This a guest post written by Jacqueline Proven, Head of Open Research at the University of St Andrews.
At the University of St Andrews (USTAN), we believe that “Open Access (OA) must be globally sustainable and equitable and make the best use of resources…” [see our open access publications policy statement for more detail].
In order to make this a reality, we are continually developing our approach for evaluating a range of initiatives which can support sustainable OA, including ‘collective models’ such as library memberships and institutional subsidies (see the OAPEN OA Books toolkit for more examples). This blog post describes our current decision-making process and the criteria we use when choosing which initiatives to support financially.
Since 2014, we have managed a small institutional OA fund which was set up with the intention “to promote and encourage new and innovative open access models” (see our report describing the case for this fund). To further this aim, the fund cannot be used to pay Article Processing Charges (APCs) in hybrid journals (subscription journals which have not demonstrated a plan for moving to a fully OA model).
Our new open access publications policy was launched in in February 2023, and includes provision for books and chapters, as well as explicitly referencing diamond OA (where there are no fees to either read or publish).
Inspired by a presentation by the University of Salford at UKSG in 2021, we also began using an evaluation template for journal agreements (read more about how the University of Salford assess and manage their read and publish deals).
Evaluation is undertaken by a cross-Library group with representatives from Academic Liaison (collection development/subject knowledge); Acquisitions & E-resources (usage/costs); Open Research (publishing history/funder compliance/OA policies); and the Deputy Director (budget approvals/Library strategy). The group forms part of our governance structure, feeding into the Collections Working Group as necessary.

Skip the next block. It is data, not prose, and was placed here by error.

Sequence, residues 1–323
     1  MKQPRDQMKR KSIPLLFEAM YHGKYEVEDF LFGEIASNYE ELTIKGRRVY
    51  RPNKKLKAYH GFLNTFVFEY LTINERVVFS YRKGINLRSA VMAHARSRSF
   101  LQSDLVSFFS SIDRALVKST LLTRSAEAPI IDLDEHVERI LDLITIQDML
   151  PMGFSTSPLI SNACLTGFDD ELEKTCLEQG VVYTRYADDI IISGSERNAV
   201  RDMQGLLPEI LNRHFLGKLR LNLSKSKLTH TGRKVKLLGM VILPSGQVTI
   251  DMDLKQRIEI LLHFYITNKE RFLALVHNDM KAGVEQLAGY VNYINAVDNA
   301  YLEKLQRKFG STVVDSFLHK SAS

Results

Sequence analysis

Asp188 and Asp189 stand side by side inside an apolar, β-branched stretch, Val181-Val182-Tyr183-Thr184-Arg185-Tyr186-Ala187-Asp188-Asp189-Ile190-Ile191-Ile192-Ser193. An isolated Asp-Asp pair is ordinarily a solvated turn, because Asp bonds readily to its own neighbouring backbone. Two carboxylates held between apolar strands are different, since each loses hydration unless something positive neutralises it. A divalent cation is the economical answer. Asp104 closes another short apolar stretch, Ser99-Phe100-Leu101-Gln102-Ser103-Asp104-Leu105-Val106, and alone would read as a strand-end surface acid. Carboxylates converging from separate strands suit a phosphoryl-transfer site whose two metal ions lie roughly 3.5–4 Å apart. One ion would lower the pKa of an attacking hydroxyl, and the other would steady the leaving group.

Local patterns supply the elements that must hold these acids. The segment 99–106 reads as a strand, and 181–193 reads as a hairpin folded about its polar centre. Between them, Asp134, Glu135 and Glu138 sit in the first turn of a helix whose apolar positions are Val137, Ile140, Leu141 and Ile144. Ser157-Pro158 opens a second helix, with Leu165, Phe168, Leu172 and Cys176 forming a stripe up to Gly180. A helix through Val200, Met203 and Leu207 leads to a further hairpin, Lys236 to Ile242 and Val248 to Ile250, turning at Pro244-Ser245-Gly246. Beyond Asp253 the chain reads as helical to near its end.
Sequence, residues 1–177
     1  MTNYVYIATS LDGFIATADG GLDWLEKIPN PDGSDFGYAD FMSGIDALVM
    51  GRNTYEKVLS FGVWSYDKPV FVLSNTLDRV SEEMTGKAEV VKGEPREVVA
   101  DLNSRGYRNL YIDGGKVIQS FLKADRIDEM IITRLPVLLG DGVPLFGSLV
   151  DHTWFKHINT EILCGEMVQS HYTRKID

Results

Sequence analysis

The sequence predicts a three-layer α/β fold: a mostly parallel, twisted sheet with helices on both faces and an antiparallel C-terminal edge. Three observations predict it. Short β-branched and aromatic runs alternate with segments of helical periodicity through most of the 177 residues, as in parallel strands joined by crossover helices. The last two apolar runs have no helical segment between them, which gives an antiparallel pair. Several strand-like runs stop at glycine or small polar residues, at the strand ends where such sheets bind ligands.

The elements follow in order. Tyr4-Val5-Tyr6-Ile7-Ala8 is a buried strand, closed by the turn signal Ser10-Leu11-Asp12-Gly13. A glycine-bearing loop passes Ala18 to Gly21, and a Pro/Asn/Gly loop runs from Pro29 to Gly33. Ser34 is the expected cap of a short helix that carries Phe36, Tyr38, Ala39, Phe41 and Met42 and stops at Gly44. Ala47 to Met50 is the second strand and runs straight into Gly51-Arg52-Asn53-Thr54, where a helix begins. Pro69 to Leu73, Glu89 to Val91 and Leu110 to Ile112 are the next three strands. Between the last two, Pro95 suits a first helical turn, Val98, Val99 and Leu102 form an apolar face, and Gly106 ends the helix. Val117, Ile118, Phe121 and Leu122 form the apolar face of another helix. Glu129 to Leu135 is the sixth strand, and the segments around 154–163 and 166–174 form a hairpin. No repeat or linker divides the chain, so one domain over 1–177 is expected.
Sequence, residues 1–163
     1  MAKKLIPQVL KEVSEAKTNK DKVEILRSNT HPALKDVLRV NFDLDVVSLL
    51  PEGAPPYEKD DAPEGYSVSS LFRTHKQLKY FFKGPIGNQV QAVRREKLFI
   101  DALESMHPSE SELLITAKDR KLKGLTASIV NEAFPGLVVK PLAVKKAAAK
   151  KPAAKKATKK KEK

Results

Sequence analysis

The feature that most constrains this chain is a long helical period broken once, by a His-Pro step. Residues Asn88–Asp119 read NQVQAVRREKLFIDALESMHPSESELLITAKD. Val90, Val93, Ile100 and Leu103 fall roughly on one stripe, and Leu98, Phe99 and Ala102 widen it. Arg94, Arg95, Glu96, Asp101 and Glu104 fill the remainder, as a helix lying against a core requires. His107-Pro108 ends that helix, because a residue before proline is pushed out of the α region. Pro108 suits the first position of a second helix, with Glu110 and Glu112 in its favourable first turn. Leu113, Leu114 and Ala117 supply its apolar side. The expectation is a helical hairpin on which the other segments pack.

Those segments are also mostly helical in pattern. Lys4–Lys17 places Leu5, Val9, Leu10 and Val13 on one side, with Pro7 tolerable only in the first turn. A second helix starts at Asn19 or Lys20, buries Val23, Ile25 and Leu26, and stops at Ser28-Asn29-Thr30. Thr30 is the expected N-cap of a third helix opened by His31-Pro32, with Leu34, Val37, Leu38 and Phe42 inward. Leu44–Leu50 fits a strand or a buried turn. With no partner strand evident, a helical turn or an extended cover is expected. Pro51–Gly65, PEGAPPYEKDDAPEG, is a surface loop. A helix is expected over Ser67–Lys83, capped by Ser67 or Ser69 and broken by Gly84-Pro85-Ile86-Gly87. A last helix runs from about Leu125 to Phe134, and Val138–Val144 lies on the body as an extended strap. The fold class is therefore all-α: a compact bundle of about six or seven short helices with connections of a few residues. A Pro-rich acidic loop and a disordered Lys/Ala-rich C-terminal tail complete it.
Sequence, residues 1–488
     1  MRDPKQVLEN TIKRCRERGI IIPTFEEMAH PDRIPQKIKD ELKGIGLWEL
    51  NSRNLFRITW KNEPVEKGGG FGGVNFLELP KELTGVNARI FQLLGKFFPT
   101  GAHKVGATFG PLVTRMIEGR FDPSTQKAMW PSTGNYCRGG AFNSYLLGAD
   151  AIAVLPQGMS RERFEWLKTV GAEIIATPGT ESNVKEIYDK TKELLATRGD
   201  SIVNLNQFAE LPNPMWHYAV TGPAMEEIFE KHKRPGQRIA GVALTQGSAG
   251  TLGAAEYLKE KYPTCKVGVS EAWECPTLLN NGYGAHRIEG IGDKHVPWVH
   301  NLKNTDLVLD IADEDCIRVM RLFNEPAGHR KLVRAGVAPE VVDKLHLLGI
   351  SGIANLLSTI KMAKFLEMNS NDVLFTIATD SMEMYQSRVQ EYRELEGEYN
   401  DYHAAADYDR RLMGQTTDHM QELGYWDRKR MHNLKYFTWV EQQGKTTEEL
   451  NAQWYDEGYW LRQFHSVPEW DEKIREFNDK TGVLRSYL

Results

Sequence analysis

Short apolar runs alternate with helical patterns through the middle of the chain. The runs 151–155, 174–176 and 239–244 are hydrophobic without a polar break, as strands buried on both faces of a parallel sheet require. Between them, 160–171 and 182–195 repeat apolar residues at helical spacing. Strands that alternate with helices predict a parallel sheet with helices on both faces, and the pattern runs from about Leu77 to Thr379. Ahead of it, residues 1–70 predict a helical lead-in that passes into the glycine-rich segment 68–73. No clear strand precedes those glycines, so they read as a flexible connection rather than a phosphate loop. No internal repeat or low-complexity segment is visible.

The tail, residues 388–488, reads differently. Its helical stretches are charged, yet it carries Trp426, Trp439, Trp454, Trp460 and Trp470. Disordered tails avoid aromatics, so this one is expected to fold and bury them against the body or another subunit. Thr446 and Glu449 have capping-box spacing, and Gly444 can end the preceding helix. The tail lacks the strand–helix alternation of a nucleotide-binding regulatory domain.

We have further developed this approach to consider elements of a range of initiatives, including new publishing models such as Subscribe2Open, open infrastructures, collective action and community frameworks which support OA. This new template has been designed to challenge our thinking and provide a clear analysis of how each model meets our underlying strategy. The detailed questions we ask ourselves make sure we can identify and understand the benefits, risks and costs involved.
The criteria have also been applied to several models focussed on OA monographs, with sign-ups including:
- Central European University Press Opening the Future – an innovative model, with clear evidence of publishing related to USTAN
- MIT Press Direct to Open membership – broad range of relevant content, some publishing history
- University of London Press: New Historical Perspectives (via Jisc Open Access Community Framework) – mission-driven press with USTAN link to the society
- White Rose University Press Diamond OA Monographs (via Jisc Open Access Community Framework) – library-led initiative with relevant content
You can sign up to all these agreements via Jisc’s License subscriptions manager.
The current approach does depend on luck to some extent, in terms of timing of deals coming through and whether for example, we have year-end funds available to purchase. However, there is always a robust evaluation behind each decision and assurances that our financial and licensing decisions follow the University’s scheme of delegation. With the help of our Open Research Working Group and the Collections Working Group, we plan to develop a more proactive approach to decision-making and to consider our budgets more holistically to evaluate spend as part of expanding provision for open research. As a step towards this, we plan to document a set of principles to underpin the decision-making.
Draft principles may include:
- Cost analysis: does it offset acquisition costs, is there cost transparency, does it include VAT, CPU (if content included)
- Policy alignment: meets USTAN Strategy, OA Policy, funder compliance requirements
- Disciplinary alignment: appropriate subject coverage for USTAN supporting current areas of teaching and research, publishing opportunities for staff
- Mission: long-term aims, non-profit, approach to collaboration, academic-driven/led, engagement with societies, global equity and sustainability
- Governance model: ability to influence through Library sector, community approach, partnerships
- Technical: built on open infrastructure, easily integrated into other systems, follows metadata, accessibility and interoperability standards
- Quality of content: meets or extends good practice in publishing
We are happy for other institutions to adapt and share our template and principles, and we welcome feedback on different approaches and evaluation criteria for supporting sustainable OA book publishing. Please get in touch by emailing firstname.lastname@example.org